Investigating non-equilibrium phenomena in spinor antiferromagnetic Bose-Einstein condensates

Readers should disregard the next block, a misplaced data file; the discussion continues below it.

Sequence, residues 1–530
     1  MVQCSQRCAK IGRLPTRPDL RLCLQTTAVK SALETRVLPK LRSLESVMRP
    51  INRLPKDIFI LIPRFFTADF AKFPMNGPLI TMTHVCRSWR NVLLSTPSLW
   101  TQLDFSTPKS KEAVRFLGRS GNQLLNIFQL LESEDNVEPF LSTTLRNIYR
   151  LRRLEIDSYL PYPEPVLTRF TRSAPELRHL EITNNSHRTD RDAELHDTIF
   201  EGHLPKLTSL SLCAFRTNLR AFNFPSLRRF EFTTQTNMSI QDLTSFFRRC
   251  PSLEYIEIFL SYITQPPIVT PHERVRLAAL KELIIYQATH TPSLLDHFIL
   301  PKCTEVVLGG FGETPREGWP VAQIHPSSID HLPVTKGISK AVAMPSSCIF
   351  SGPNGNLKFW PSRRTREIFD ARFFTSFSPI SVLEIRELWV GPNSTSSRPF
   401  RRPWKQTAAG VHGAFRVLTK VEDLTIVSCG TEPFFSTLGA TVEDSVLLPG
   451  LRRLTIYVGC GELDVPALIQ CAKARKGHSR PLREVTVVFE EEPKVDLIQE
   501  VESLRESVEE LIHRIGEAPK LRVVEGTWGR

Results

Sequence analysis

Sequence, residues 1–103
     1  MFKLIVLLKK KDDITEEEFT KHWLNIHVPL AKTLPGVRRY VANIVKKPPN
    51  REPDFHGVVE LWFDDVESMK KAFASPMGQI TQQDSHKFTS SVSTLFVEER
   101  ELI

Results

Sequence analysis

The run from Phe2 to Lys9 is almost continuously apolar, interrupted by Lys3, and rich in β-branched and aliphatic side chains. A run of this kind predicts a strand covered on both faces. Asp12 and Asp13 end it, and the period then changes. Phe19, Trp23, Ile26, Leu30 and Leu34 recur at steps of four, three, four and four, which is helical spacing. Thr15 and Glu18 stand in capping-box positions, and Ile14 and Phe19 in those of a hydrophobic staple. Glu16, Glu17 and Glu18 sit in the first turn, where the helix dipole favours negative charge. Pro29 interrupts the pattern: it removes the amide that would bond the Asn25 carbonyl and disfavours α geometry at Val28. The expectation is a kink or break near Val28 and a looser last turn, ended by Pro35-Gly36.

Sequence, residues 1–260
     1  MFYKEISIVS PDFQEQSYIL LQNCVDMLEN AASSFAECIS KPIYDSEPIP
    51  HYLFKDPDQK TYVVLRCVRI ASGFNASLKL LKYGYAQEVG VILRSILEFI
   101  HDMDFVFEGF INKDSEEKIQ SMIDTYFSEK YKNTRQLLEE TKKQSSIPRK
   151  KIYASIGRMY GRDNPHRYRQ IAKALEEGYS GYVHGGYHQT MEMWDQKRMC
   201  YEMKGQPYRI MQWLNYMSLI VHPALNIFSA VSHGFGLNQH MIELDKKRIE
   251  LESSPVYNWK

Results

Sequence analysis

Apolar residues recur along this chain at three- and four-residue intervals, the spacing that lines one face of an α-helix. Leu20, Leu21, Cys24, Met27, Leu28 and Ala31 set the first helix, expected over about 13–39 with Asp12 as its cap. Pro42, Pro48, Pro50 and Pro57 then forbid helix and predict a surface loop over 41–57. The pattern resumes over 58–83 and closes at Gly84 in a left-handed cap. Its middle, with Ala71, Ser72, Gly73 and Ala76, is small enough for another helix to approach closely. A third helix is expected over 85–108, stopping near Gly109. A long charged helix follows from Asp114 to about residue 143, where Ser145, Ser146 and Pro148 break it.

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This thesis discusses non-equilibrium phenomena in antiferromagnetic spinor quantum gases. We investigate, both experimentally and theoretically, the quench dynamics of antiferromagnetic spinor Bose-Einstein condensates in the vicinity of a zero temperature quantum phase transition. A microwave dressing field was used as a novel tool to access the polar to antiferrmagnetic quantum phase transition at the quadratic Zeeman shift, q=0. By performing instantaneous quenches across the phase transition,a dynamical instability was induced in the atomic cloud. This lead to pair formation and rapid amplification of spin +/-1 atoms through spin-mixing collisions. The spatial ordering kinetics in the vicinity of the phase transition was quantified by performing the local spin measurement. The coarsening dynamics was observed for the instability for q < 0, as it nucleated small domains that grew to the axial size of the cloud. Rich nonequilibrium behavior was observed in the form of growth and decay of both nematic and magnetic spin waves, following the quench. The spatiotemporal evolution was characterized through two particle correlations between atoms in each pair of spin states, which revealed dramatic differences between the dynamics of the spin correlations and those of the spin populations. Finally, we demonstrate the remarkable influence of linear Zeeman term on non-equilibrium dynamics of spinor Bose-Einstein condensates. We show that contrary to prior understanding magnetic field gradient actually suppresses the tendency of spin 0 state to separate into spin +/-1 state. This reconciles the Bogoliubov discrepancies and leads to a dramatic sharpening of the transition point, resulting in a resolution at the 1 Hz level. Our results point to the use of dynamics, rather than equilibrium quantities for high precision measurements of phase transitions in quantum gases.